According to Dark Cheese, cream cheese is a unique product in terms of its capacity to melt. While it is a high-fat, high-moisture cheese — which typically means it is ideal for melting — it is also a high-acid cheese, which usually makes it harder to melt. In other words, it’s rather temperamental where melting is concerned. It can easily curdle if heated too rapidly, and once it is fully melted it will never thicken back up again.

Foods Guy notes that one must take extra care when melting cream cheese. If it’s done too rapidly in the microwave, it’ll become a watery, greasy mess. If it’s done too rapidly over direct heat on the stovetop, it can easily burn. These two properties of cream cheese make it less than ideal as a topping for pizza. By the time the pizza is baked, the cream cheese will likely dissolve into a puddle of goo atop your pie, making the crust soggy and allowing the toppings to slide right off. It’s best to reserve cream cheese for dishes like a luxurious carrot cake with cream cheese frosting or a dip like a cheese ball.

Strong-smelling cheese

wedge of blue cheese

Strong-smelling cheese is something that polarizes people into two camps: those who love them versus those who are revolted by them. But what makes these cheeses smell so aggressive? Culture enlightens us by dividing them into two categories: washed-rind cheeses and mold-injected cheeses.

Washed-rind cheeses are brushed with a brine typically made of leftover alcohol throughout the fermentation process. They are often the most foul-scented of cheeses due to bacterial proliferation, but their flavor tends to be quite mild. Mold-imparted cheeses — like blue cheese — are injected with varying strains of bacteria related to penicillin to encourage the mold to permeate throughout the entire block of cheese. These cheeses tend to be both strong-smelling and strong-tasting.

Smithsonian Magazine suggests that something about the direct link between the olfactory sense and our sense of taste triggers a disgust response similar to what we would experience when exposed to something that has gone rancid. While this may be a product of evolutionary adaptation that has long kept humans from eating potentially deadly foods, it does make one wonder why some people don’t respond the same way. Is it nature or nurture? There may be a case for both. Certain cultures are more likely to grow up consuming stinky cheeses from a younger age, therefore exposing their citizens to the smelly cheeses and acculturating them to them. The jury is still out, but for the purposes of putting strong-odored cheese on pizza — we suggest you skip it.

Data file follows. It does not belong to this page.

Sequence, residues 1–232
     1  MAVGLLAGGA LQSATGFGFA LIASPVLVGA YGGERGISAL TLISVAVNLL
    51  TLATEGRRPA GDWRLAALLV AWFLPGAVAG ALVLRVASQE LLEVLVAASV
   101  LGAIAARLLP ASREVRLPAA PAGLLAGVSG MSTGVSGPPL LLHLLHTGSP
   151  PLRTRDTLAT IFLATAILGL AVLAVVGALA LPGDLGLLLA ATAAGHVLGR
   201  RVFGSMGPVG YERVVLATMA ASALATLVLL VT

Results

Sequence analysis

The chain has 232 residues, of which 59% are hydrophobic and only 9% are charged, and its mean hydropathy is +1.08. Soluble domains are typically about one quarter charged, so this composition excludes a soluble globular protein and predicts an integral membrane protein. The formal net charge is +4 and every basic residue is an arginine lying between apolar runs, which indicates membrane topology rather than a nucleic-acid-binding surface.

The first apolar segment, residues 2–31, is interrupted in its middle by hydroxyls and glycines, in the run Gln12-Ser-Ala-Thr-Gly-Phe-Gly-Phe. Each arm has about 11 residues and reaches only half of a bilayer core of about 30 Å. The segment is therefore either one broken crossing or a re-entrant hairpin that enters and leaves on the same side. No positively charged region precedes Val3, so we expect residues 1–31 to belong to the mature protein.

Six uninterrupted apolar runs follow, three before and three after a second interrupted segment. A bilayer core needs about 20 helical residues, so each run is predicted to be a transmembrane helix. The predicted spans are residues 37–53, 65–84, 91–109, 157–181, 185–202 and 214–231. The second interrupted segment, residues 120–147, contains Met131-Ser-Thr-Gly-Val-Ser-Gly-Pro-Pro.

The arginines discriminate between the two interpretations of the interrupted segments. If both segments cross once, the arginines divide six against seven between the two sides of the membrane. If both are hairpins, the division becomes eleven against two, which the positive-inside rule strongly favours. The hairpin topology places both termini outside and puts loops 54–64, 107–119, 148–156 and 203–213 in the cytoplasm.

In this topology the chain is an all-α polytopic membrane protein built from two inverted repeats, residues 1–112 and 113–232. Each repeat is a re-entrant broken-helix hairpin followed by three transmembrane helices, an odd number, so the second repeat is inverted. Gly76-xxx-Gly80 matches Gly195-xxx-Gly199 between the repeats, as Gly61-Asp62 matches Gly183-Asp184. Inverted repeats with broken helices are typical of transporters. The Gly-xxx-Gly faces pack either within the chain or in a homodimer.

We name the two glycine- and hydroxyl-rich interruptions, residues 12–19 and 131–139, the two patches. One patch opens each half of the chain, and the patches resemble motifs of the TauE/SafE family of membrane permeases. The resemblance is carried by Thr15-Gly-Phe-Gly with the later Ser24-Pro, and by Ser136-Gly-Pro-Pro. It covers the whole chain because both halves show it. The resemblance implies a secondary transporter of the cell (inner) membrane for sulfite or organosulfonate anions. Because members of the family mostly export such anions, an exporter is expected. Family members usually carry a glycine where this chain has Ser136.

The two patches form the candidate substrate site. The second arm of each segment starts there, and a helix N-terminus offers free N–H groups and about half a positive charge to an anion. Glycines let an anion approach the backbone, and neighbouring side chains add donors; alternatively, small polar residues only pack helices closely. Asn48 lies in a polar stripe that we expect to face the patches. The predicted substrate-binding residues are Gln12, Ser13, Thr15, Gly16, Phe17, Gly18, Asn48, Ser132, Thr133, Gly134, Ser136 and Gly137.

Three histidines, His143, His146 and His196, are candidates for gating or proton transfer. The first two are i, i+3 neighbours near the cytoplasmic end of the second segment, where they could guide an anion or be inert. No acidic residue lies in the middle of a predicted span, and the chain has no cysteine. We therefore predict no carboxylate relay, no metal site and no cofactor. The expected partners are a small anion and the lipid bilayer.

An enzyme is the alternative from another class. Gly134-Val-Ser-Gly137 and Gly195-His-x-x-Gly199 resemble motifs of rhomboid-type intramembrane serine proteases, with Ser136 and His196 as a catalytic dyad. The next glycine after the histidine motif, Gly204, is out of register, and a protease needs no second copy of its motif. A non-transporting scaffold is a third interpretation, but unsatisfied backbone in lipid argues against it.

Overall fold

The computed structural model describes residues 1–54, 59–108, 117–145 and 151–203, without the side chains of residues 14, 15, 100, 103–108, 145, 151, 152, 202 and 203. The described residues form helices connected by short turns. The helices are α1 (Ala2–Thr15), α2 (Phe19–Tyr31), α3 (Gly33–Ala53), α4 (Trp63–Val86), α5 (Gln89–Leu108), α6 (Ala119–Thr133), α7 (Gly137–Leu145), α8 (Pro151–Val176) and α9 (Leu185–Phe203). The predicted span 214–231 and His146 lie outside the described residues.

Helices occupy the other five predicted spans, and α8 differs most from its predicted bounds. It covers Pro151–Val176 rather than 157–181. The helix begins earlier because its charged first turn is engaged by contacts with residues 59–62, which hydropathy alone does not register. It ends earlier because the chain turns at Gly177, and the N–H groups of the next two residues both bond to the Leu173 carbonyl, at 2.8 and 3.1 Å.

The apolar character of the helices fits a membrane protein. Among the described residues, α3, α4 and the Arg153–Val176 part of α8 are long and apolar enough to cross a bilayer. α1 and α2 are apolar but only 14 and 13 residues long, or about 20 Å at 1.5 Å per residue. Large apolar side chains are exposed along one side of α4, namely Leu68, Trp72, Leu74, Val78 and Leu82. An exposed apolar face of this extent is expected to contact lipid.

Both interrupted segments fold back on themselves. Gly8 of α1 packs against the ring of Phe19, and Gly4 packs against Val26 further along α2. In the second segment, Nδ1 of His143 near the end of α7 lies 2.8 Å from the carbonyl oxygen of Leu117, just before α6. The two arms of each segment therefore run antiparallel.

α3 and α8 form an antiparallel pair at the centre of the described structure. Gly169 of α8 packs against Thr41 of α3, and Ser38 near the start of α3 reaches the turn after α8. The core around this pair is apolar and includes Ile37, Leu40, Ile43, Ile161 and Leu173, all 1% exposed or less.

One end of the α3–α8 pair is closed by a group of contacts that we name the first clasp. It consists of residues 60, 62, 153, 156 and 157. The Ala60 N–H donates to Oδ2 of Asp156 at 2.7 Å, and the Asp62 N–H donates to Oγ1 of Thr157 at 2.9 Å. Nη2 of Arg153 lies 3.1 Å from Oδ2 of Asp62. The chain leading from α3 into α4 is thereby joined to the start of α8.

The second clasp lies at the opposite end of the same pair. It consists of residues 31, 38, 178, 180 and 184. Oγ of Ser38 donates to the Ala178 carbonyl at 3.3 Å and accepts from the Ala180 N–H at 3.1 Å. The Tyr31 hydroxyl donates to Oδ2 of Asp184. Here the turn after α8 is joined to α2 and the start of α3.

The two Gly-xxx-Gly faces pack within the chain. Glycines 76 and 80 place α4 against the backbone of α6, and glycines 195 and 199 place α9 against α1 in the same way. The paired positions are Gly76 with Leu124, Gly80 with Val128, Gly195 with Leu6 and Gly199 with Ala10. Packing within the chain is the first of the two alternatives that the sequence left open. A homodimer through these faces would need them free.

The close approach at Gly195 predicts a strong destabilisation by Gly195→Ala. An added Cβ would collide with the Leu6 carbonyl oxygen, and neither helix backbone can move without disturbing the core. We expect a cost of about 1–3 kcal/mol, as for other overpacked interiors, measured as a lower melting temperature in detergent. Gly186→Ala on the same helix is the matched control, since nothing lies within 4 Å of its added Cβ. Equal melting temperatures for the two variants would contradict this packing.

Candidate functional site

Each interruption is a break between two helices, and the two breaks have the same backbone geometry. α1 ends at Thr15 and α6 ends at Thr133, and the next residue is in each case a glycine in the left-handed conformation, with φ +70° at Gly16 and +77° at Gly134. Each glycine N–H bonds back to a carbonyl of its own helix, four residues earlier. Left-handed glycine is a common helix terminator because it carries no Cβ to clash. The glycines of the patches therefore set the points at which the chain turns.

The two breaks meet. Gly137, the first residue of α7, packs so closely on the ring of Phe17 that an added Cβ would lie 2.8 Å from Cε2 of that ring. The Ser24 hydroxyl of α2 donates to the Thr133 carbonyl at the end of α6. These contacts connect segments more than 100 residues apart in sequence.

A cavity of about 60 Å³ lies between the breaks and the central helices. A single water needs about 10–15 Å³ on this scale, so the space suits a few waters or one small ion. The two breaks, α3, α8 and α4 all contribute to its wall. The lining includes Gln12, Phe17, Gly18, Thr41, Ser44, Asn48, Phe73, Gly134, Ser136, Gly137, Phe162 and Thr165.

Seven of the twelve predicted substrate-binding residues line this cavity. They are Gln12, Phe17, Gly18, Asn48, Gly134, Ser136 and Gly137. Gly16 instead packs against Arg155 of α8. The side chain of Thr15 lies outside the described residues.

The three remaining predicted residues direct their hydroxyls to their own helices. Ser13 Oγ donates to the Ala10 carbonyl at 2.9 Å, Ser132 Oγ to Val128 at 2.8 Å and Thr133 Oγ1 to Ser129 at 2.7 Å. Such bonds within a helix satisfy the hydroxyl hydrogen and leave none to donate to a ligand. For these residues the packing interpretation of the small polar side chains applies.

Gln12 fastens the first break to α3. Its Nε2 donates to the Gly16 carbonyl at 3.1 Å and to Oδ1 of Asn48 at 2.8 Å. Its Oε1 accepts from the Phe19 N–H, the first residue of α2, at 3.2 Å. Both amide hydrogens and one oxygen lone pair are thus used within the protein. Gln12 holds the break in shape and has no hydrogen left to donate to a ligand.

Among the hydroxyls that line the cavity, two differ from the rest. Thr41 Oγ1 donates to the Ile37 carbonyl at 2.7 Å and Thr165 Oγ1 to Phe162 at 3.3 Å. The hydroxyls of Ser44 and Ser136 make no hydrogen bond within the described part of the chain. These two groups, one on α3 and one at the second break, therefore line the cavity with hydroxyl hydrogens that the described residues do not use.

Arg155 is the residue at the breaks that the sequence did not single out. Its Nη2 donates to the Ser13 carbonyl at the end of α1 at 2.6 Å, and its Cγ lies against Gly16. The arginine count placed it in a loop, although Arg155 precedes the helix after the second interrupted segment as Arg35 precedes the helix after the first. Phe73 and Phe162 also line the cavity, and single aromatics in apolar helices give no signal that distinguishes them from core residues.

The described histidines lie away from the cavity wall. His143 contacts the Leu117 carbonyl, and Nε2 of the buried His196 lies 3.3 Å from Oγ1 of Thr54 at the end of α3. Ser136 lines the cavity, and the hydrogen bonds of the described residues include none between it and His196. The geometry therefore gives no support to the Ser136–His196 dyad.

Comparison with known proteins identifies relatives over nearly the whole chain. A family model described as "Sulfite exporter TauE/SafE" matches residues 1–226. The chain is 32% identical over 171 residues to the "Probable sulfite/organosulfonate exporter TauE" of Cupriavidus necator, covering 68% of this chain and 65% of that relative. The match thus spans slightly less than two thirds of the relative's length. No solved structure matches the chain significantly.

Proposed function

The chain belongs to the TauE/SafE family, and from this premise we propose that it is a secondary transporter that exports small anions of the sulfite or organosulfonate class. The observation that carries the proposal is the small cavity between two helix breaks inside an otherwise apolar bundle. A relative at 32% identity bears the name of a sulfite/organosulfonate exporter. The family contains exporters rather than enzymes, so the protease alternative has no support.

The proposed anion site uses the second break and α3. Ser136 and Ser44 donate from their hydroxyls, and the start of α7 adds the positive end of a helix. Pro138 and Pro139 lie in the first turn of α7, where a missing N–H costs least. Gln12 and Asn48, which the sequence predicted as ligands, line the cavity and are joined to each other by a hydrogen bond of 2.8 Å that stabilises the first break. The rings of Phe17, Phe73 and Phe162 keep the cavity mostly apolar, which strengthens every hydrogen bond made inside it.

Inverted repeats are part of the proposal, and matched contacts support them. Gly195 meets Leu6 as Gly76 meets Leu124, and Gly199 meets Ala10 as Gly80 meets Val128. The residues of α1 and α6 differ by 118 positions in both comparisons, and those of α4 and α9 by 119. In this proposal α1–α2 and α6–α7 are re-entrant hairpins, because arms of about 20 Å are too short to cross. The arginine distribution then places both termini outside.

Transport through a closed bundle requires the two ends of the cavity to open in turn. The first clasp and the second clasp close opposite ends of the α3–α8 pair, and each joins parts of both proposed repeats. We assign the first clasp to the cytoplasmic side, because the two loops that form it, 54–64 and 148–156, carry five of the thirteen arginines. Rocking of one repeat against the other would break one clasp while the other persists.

Reduced fat cheese

Cheese is often vilified as being bad for your health, and perhaps to a certain extent, it can be if consumed in large quantities. However, according to a 2017 study by the American Journal of Clinical Nutrition (via Food & Wine), the idea that substituting low-fat or nonfat cheese options for the full-fat version to mitigate the negative health impacts is actually not supported by science. Researchers at the University of Copenhagen conducted a 12-week-long study cross-referencing those consuming no cheese, reduced-fat cheese, and full-fat cheese. Their findings were that cheese does not measurably influence any of the risk factors for cardiovascular disease. But more importantly, full-fat cheese was uniquely cited as having a positive influence on HDL cholesterol, which is linked to a reduced risk of experiencing a heart attack or stroke.

Culinary Nutrition (via Science Direct) both supports this and reinforces the culinary ramifications of opting for reduced-fat cheese — particularly for something like pizza. These cheeses not only take forever to melt, they often result in a chewy, dense texture making your pizza taste like cardboard. Like with anything else, consuming full-fat cheese in moderation where it counts — like on top of a delicious pizza — is not only more palatable but ultimately healthier.

Cheddar cheese

Scientific research conducted by the University of Auckland in New Zealand definitively answered the question of which cheese is the best on pizza. Their study sought to determine which cheese had the optimal Maillard reaction, yielding a perfectly browned layer of cheese atop a pizza. You can witness this process in action by gauging the bubbles created by the cheeses as they melt. The bubbles cannot be too large, too small, or too flat. In this endeavor, cameras were used to document the entire pizza-making process sampling a wide cross-section of different cheeses.

The end result was that cheddar lacked the necessary elasticity to properly melt — and its bubbles were too small to brown — making it an undesirable choice to top a pizza. Mozzarella was once and for all crowned the king of pizza cheeses thanks to its ideal ratio of moisture to oil. This gives it the perfect elasticity — which melts evenly — and yields the appropriate-sized bubbles to brown without burning. Frankly, we are sad that we were not a part of the research team who presumably had to sacrifice themselves to taste every sample in the name of science.